Sight-singing is a neglected art.  I have started to develop this by putting the Kodaly hand signs on the board in a selection of songs that I call “The Mystery Tune”.  The children sing the mystery tune in tonic sol-fa and then have to guess what it is.  They really like doing this.  I pick well known songs they have sung before, like “The Bear Went Over The Mountain”, “Old Mac Donald”, “London Bridge” and “Twinkle, Twinkle”.  In Year 3, I start to gradually bring in the traditional staff notation.  Sight-singing in the UK is pretty dreadful, if you compare it to places like Hungary, you can see that high standards can be achieved.  In my experience, Year 2 children should be able to sight-sing a tune with a piano or guitar accompaniment.  In later years I would expect it to be done unaccompanied.

4. To learn singing games

As I have written in a previous post, singing games work and are the best ways of increasing enjoyment, participation and singing in tune.  A substantial part of my repertoire for Early Years and Key Stage 1 is based around singing games and this is reflected in the repertoire.

5. To learn songs that can be sung in public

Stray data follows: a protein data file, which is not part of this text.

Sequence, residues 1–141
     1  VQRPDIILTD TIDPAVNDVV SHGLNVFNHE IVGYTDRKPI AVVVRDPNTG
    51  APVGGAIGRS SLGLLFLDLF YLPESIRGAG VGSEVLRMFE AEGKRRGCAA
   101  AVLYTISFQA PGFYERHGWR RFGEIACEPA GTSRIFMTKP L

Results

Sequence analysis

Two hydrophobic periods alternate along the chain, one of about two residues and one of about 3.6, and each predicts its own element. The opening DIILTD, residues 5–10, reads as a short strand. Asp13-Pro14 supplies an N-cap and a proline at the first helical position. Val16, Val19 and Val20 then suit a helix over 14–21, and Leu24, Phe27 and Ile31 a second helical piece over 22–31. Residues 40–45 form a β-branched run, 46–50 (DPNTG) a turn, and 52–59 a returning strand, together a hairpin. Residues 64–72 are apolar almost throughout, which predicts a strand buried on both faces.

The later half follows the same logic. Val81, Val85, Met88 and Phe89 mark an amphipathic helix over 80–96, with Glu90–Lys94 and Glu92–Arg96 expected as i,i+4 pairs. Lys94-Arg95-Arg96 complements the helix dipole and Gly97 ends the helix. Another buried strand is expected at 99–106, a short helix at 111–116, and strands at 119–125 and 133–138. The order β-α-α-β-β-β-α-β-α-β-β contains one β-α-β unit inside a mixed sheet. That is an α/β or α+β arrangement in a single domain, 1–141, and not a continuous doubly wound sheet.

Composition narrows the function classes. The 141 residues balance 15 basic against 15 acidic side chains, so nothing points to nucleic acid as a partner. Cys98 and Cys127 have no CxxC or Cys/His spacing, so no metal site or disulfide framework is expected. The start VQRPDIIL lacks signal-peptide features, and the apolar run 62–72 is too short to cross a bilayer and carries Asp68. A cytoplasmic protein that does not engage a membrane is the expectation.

An embarrassing consequence of my enthusiasm for singing games resulted in this aim.  Basically, we had done so many singing games that when we were asked to perform a song in public, I couldn’t think of anything to do.  It would be a bit weird to just play a game in front of the audience and I am sure they would enjoy seeing their children having so much fun but there are conventions that we need to observe and it is important for children of all ages to learn how to perform in front of an audience.  So now I teach songs that stand alone for public performance.  Most of these do have actions but some are just a straight song where the children stand tall and sing their hearts out to their loved ones in the audience.  I tell the children that they get lots of good things from their parents like nice food, being looked after when they are sick, play dates, toys and trips to the park and this is our way of saying “Thank you” to them.  Parents want children to sing to them and that is the best present ever.  They want to see smiles and a strong performance.  Finding the right songs can be tricky – our performance songs this year include “Tomorrow” from Annie, “Never Smile at a Crocodile” from Peter Pan, “Colours of the Wind” from Pocahontas, “Somewhere Over the Rainbow” from The Wizard of Oz and the songs “You raise me up” and the Carol King song “You’ve got a friend”.  “Colours of the Wind” is the most challenging.  I have put it into our repertoire for this year but on reflection I think I am going to keep this for Year 3 and 4, as technically it is quite tricky and there are a lot of words to learn.